In Case of Emergency
In case of an emergency call 999 or 112.
When should you call 999 or 112?
Always call 999/112 if someone is seriously ill or injured, and their life is at risk.
If it is not a life-threatening emergency and you, or the person you are with, does not need immediate medical attention, consider the options below before you dial 999:
- Look after yourself or the patient at home. If you cannot stay at home, see if family or friends are able to help
- Talk to your local pharmacist
- Visit or call your GP
- Make your own way to your hospital accident & emergency department
We receive a large number of calls for patients who do not require an emergency response from an ambulance on blue lights and sirens but who could be treated more appropriately using a different pathway of care. Choose the best treatment for your needs. It allows us to help the people who need us the most.
What happens when you dial 999 or 112?
When ambulance calls are received in our control centre they are answered immediately. Our call taker will ask the caller for their telephone number, incident location and what the issue is with the patient. In order to double check this information, the staff member repeats all these details back to the caller. Our call takers and dispatchers use software to put the call into one of three categories above based on its urgency and ensure an appropriate response is sent. Each call is given a response appropriate to its categorisation.
Emergency 999 or 112 calls to the Dublin Fire Brigade, rescue and ambulance service are prioritised into three categories to ensure life-threatening cases receive the quickest response:
- Immediately life threatening – if someone is seriously ill or injured and their life is at risk. Examples of medical emergencies include (but are not limited to): if some chest pain, difficulty in breathing, unconsciousness, severe loss of blood, severe burns or scalds, choking, fitting or concussion, drowning or severe allergic reactions
- Serious, but not life threatening illnesses or injuries
- All other calls – for conditions that are not life threatening
Call takers in our control centre use an Advanced Medical Priority Dispatch System (AMPDS), which uses information gathered from the caller, to prioritise the call and to make sure right ambulance resource is sent to the scene.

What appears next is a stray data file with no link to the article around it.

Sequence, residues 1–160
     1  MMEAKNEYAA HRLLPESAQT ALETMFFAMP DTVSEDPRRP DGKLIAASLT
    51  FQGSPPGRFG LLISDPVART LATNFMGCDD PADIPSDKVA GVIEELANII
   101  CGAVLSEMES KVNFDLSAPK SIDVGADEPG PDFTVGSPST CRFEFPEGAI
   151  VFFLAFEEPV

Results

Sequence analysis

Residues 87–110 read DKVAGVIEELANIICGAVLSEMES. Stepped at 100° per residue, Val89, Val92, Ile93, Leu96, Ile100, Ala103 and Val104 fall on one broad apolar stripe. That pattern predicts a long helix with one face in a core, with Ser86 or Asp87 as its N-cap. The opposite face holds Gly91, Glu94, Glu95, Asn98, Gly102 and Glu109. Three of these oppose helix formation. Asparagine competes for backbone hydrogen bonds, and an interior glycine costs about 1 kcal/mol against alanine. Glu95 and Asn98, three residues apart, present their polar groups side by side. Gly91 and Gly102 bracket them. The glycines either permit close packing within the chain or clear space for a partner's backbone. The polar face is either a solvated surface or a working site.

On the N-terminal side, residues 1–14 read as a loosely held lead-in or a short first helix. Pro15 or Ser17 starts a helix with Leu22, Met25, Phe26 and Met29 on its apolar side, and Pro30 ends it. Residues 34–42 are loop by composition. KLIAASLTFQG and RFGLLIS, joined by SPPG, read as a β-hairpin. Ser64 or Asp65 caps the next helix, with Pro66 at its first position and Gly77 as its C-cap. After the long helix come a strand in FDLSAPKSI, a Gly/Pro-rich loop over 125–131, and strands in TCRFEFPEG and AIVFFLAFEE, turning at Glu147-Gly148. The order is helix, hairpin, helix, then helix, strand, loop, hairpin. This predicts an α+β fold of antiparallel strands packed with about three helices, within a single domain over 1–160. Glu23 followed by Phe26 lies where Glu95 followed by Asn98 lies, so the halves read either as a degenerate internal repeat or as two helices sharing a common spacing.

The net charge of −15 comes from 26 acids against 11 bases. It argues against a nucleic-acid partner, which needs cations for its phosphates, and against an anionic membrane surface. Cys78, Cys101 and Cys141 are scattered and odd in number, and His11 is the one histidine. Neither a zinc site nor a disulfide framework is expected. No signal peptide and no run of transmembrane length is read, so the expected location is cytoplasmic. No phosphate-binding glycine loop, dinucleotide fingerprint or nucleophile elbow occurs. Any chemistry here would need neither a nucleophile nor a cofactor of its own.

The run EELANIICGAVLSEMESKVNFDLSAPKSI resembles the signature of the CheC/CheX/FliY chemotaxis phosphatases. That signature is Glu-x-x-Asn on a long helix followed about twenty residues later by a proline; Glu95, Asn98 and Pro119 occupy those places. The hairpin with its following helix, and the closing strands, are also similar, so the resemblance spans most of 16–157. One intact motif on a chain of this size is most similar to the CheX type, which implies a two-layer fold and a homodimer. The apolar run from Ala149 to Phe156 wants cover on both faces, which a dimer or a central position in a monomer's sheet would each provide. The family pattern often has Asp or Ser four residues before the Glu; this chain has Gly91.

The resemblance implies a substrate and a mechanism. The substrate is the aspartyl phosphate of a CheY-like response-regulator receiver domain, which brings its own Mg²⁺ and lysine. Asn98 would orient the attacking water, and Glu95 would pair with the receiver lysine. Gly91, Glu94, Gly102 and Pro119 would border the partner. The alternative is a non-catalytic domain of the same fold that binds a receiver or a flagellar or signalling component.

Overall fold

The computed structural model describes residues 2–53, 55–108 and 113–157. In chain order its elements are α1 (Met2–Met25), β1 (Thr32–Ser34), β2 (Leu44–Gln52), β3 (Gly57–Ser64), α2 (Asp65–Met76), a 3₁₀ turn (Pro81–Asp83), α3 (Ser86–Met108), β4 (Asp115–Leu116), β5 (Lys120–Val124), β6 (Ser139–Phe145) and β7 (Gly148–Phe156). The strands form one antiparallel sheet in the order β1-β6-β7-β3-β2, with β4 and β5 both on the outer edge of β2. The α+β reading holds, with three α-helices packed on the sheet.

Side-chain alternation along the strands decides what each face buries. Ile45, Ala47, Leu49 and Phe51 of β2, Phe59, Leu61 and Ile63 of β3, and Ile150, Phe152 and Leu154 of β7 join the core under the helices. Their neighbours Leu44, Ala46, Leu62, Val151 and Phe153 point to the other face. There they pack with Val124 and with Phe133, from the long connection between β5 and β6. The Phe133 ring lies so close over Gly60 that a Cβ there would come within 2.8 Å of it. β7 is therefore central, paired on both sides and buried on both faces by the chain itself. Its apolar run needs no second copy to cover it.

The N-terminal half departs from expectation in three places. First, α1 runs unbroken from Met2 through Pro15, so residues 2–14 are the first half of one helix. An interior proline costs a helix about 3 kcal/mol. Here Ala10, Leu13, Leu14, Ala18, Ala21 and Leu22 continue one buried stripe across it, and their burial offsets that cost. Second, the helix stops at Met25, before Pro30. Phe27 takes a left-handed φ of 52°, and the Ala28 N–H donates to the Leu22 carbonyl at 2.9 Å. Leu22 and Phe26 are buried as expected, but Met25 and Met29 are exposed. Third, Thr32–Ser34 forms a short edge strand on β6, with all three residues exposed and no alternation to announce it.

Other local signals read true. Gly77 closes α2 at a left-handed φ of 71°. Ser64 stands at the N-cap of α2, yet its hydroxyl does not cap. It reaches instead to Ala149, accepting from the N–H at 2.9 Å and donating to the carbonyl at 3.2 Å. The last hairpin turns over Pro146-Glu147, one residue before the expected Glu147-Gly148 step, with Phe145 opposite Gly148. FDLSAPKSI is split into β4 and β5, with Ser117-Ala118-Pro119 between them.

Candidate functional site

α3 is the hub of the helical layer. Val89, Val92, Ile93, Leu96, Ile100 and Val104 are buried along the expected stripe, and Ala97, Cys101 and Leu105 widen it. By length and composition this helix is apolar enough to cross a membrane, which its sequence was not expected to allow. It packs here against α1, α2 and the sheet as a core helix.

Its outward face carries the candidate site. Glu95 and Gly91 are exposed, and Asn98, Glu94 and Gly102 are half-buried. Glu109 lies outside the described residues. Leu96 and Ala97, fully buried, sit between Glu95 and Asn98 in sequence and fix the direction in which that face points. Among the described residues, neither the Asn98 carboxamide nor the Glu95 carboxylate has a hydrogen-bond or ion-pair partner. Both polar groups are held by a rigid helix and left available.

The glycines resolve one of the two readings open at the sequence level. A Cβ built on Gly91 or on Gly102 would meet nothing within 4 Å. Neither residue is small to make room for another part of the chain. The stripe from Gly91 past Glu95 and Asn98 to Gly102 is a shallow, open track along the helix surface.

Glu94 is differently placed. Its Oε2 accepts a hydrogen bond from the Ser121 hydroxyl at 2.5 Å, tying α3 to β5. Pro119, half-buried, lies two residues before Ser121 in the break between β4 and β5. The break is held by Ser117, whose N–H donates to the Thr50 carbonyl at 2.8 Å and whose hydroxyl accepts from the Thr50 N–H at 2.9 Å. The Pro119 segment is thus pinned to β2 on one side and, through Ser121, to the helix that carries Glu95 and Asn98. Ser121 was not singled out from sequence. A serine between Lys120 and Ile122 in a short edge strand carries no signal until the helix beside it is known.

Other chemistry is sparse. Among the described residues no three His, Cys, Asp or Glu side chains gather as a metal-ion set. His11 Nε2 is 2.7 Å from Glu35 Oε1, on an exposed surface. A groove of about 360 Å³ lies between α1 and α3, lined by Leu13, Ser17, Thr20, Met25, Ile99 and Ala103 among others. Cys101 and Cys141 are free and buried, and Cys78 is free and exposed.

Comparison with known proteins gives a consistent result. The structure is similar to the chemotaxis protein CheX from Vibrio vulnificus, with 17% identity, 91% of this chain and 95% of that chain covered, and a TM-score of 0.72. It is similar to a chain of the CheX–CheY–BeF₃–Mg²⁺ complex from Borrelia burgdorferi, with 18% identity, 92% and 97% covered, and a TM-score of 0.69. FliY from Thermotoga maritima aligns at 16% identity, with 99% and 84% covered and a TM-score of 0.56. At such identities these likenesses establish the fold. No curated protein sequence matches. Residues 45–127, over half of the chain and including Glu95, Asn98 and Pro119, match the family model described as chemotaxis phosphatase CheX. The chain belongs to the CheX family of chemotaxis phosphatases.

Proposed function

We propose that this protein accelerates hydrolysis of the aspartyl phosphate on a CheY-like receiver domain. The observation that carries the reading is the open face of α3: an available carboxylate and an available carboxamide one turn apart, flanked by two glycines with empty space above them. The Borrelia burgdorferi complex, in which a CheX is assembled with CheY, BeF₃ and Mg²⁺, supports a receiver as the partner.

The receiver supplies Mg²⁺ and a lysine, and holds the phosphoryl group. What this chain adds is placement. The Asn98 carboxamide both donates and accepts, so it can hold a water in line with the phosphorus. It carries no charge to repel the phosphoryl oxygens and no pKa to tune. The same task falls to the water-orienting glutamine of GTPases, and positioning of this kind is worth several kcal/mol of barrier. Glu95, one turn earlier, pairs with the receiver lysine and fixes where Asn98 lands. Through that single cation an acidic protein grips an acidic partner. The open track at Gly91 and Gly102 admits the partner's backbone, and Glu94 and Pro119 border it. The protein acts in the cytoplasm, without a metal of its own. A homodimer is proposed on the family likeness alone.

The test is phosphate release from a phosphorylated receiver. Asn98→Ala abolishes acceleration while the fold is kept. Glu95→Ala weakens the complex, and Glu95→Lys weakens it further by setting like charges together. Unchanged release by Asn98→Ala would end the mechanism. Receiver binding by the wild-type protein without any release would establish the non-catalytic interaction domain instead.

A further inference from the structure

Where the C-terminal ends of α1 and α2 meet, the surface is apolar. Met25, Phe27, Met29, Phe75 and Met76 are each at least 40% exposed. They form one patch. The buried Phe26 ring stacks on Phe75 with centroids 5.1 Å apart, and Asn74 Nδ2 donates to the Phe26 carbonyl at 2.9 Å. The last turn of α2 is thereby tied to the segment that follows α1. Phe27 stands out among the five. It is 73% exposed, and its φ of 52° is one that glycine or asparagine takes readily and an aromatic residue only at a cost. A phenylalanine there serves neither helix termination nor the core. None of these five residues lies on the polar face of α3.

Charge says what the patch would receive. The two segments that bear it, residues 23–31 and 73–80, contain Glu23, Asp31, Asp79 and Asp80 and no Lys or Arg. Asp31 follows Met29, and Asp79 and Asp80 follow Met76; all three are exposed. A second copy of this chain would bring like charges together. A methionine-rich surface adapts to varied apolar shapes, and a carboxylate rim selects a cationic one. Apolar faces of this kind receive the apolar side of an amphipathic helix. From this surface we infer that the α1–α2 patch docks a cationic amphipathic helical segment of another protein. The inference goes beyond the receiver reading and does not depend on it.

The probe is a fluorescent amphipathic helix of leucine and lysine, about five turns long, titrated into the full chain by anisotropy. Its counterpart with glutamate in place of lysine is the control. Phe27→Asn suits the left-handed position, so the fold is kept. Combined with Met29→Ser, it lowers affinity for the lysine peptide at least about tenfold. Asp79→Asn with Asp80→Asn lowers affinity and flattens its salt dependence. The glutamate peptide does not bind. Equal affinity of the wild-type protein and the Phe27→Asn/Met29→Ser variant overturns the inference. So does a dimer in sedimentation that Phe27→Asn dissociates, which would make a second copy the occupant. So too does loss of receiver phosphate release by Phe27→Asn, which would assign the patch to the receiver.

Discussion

The call takers can also provide medical advice to the caller, while the ambulance or fire tenders are en route, which ensures that there is no time lost in providing medical care.
What information do I need when I call 999 or 112?
When you call the emergency services an operator will ask you which service you need. If it's a medical emergency, ask for the ambulance service and you will be put through to one of our call-takers. If is a fire emergency, ask for fire and you will be transferred to an appropriate call-taker. You may be asked what area you are call from.
You will need to have the following information available when you call us:
- The location where you are
- The phone number you are calling from
- Exactly what has happened
As soon as we know where you are we will start arranging help for you.
Questions you may be asked:
- Is there anyone in the building (persons reported/injured)
- Attached to other properties
- Exact location
- Local landmarks to help identify the location
You may also be asked to give some extra information, including:
- The patient’s age, gender and any medical history
- Whether the patient is awake/conscious, breathing and if there is any serious bleeding or chest pain
- Details of the injury and how it happened
Answering these questions will not delay us, but it will help us give you important first aid advice while our staff are on their way.
What can I do before help arrives?
Before help arrives, our call takers and dispatchers will talk you through steps you can take, such as:
- If you are in the street, stay with the patient until help arrives
- Call us back if the patient’s condition changes
- Call us again if your location changes
- If you are calling from home or work, ask someone to open the doors and signal where the ambulance staff are needed
- Lock away any family pets
- If you can, write down the patient’s GP details and collect any medication that they are taking
- Tell us if the patient has any allergies
- Stay calm—our staff are there to help
Who will arrive?
- Fire crews in Dublin will respond to all domestic fires were persons are reported, with three fire tenders, a senior officer and an ambulance
- Larger fires will have a pre-determined response depending on information supplied or specific response because of a known risk
- Smaller fire may only have a one fire truck response
Who will treat you?
We have a range of multi skilled staff who will rescue, treat and transport our patients including:
- Advanced paramedics
- All our fire crews are paramedics
- DFB operates a fire based EMS system, a fire tender my be the first response to arrive. All Dublin firefighters are trained and registered paramedics